UK: Workplace (Health, Safety and Welfare) Regulations 1992

Last Updated: 15 November 2005
Article by Mark Tyler and Suzie Lyons

The recent decision in the case of Donaldson v Hays Distribution Services Ltd [2005] SLT 733 established that the duties owed in the workplace under the Workplace (Health, Safety and Welfare) Regulations 1992 apply only to workers and not to visitors in the workplace.

The court held that the Workplace Regulations 1992 had been enacted in order to implement the Workplace Directive 89/654/EEC in the UK. The Directive applied exclusively to the protection of workers and as there was no positive indication in the legislation that the 1992 Regulations were to apply more widely, the court dismissed the Pursuer’s (claimant’s) argument that the duties owed under the 1992 Regulations also extended to visitors.

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Donaldson v Hays Distribution Services Ltd [2005] SLT 733

The facts

The Pursuer (claimant) was a customer at a shopping centre where she was crushed against a wall of a loading bay by a lorry. The claimant brought an action of damages for the injuries she sustained as a result of the accident. The claimant’s cause of action against the Second and Third Defenders, who were alleged to have been in control of the loading bay, was that they breached the requirements imposed by Regulations 17(1) and 17(2) of the Workplace (Health, Safety and Welfare) Regulations 1992, which were enacted in the UK in order to implement the EU Workplace Directive.

These Regulations require that (1) every workplace should be organised in such a way that pedestrians and vehicles can circulate in a safe manner and (2) that traffic routes in a workplace should be suitable for the persons or vehicles using them. The advantage to the claimant in replying on them was that the defender would be strictly liable for injury resulting from any breach.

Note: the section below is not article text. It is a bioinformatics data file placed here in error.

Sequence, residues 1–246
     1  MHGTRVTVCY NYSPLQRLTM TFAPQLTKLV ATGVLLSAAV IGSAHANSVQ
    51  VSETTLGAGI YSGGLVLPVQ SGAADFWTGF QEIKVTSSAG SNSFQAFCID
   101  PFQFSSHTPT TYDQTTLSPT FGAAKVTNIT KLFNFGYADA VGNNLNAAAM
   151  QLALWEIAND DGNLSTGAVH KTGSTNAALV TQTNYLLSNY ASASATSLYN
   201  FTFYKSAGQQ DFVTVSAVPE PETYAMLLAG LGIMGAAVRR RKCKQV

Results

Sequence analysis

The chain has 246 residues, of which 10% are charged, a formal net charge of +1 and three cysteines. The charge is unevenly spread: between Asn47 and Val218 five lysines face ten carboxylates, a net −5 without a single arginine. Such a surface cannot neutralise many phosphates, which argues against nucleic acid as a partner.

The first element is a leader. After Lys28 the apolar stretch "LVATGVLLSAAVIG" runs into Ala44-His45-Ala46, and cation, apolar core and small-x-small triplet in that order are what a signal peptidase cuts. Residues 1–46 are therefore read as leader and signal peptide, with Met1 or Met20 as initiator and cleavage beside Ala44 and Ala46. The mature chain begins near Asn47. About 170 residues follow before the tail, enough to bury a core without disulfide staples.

At first instance, the Lord Ordinary dismissed the action.

The claimant’s arguments

In essence, the claimant argued that the 1992 Regulations applied not only to workers but also to persons who were present in the workplace but who did not work there. The claimant’s main arguments were:

  • that the words "pedestrians" and "persons" used in Regulations 17(1) and 17(2) should be given their ordinary meaning as opposed to being construed as only referring to workers.
  • that some regulations referred specifically to "workers" whereas others only referred to "persons" or "pedestrians". According to the claimant, this showed that for those regulations which only referred to "persons" or "pedestrians", Parliament was refusing to distinguish between workers and other persons present in the workplace.
  • that although it may be necessary to adopt a purposive approach when interpreting domestic legislation implementing a European directive, nothing prevents domestic legislation from going beyond the scope of a directive.

The Second and Third Defenders’ arguments

The Second and Third Defenders’ maintained that the duties imposed by the 1992 Regulations applied only to workers. They argued: